I love learning how logic designers of the past solved tricky problems with innovative solutions. The more I delve into this sort of thing, the more I say to myself, “Wow! I would never have thought of that!” A great example is binary coded decimal (BCD) because there’s a lot more to this topic than one might, at first, suppose.
In fact, may I make so bold as to say that, even if you’re a digital logic guru boasting a size-16 brain with go-faster stripes on the sides, if you don’t learn something new in this column then my name isn’t Max the Magnificent!
Speaking of logic, before we dive headfirst into the BCD fray with gusto and abandon (and aplomb, of course), let’s take a moment to remind ourselves of one of my favorite logical conundrums.
We start with a black box that has three inputs, A, B, and C, along with three outputs NotA, NotB, and NotC. The three outputs are the logical inversions of their corresponding inputs (when A is 0, NotA is 1; when A is 1, NotA is 0; when B is 0, NotB is 1… etc.).
Our task is to specify the contents of the black box. If we were permitted to use any logic gates we desired, then we would need only three NOT gates to do the job. Sad to relate, there’s a problem in that we are informed we have only two NOT gates at our disposal. Also, before you ask, we aren’t allowed to use any NAND, NOR, XOR, or XNOR gates. On the bright side, we can use as many AND and OR gates as our hearts desire.
If you haven’t been exposed to this little scamp before, then it’s well worth your taking the time to ponder this poser. Although it may appear impossible at first, there really is a no-trick logical solution, which is presented at the end of this column for your delectation and delight.
Setting the Scene
As I mentioned in an earlier article (Arduino 0s and 1s, LOW and HIGH, False and True, and Other Stuff), I’m currently in the process of penning a series of Arduino Bootcamp columns for Practical Electronics (PE), which is the UK’s premier electronics and computing hobbyist magazine.
Unfortunately, the editor of that glorious tome, the
nefarious illustrious Matt Pulzer, wants me to focus on nitty-gritty hands-on stuff. Matt is fiercely fighting my wandering off into the weeds as is my wont, so—since I can’t cover everything on PE’s printed pages—I’m writing ancillary articles like this to capture and share a lot of super-interesting contextual material (take a look at my Solderless Breadboard Blog, for example).
The early columns in my Arduino Bootcamp series describe myriad ways to employ 7-segment displays, including multiple manifestations of BCD. As part of this, I’m creating what I consider to be some super-spiffy diagrams, an example of which is shown below.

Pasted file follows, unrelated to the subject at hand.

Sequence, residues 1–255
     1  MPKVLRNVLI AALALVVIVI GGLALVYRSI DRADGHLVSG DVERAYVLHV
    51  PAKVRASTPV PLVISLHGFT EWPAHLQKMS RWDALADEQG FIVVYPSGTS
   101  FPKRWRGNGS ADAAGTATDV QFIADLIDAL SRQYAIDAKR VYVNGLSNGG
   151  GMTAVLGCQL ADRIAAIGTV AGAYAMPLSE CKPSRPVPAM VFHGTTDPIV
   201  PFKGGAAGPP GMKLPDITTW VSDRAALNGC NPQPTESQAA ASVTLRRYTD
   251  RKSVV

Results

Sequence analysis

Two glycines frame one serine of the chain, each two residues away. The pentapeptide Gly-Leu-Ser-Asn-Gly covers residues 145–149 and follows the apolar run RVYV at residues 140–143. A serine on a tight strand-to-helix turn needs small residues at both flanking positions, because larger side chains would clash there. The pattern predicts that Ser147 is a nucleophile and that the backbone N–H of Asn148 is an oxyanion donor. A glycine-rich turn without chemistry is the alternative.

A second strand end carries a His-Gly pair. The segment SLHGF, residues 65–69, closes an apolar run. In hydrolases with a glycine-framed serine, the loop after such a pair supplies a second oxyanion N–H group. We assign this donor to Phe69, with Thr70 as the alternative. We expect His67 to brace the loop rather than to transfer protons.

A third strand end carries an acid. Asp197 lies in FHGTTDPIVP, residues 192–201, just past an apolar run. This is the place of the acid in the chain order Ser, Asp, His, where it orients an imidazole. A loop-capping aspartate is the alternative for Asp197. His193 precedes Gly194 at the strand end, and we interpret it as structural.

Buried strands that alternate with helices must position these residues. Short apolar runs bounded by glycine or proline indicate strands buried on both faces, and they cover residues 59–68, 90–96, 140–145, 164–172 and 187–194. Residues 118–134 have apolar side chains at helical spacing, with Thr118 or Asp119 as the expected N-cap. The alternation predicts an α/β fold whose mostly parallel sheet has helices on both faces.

Feast your orbs on my awesome diagrams (Source: Max Maxfield)
The reason for the jumper wires in the middle of the power and ground rails at the top and bottom of the breadboard is discussed in the aforementioned blog.
What’s that? Do I hear you muttering “I bet these images are created using Fritzing Software” under your breath? If so, you’d lose your money because I create all my diagrams using Microsoft Visio. Like many engineers, I have a hint of a sniff of a whiff of the obsessive-compulsive about me. As a result, over the years, I’ve spent countless happy hours handcrafting artisanal diagrams of this ilk.
How Many Fingers?
As we discussed in our 0s and 1s column, the underlying foundation for the overwhelming majority of today’s digital computers is the binary (base-2) number system, which supports only two values: 0 and 1.
The reason for using binary is that it’s relatively easy for us to create electronic implementations of simple logic functions like AND, NAND, OR, NOR, XOR, and XNOR that can detect the difference between two different voltages on their inputs and generate those voltages on their outputs.
Rather than talk in terms of specific voltage values, we abstract them and refer to them as 0 and 1. In addition to considering these 0 and 1 values to be binary numbers, we can also use them to represent the Boolean concepts of false and true.
A single binary digit is called a bit. We can gather groups of bits together to represent pretty much anything we want, including numerical values in the form of integers or floating-point numbers, alphanumeric characters and punctuation symbols, and… the list goes on. Two very commonly used groupings are 4-bit nybbles (or nibbles) and 8-bit bytes.
Unfortunately, humans find it difficult to think in terms of binary numbers. As a result of our having ten fingers (including thumbs), the number system with which we are most familiar is decimal, a.k.a. denary (base-10), which employs ten digits: 0, 1, 2, 3, 4, 5, 6, 7, 8, and 9. For a variety of reasons, including extensive usage, we tend to find decimal intuitive to use and easy to understand. For example, if you happen to find yourself wandering around an abandoned mansion in the middle of a dark and stormy night, and you hear eldritch sounds emanating from a room with the binary number 001010011010 daubed on the door in (what one can only hope is) dripping red paint, you may not have the same visceral reaction as you would if the same value were presented in decimal as 666 (I fear I’ve seen more horror films than is good for me).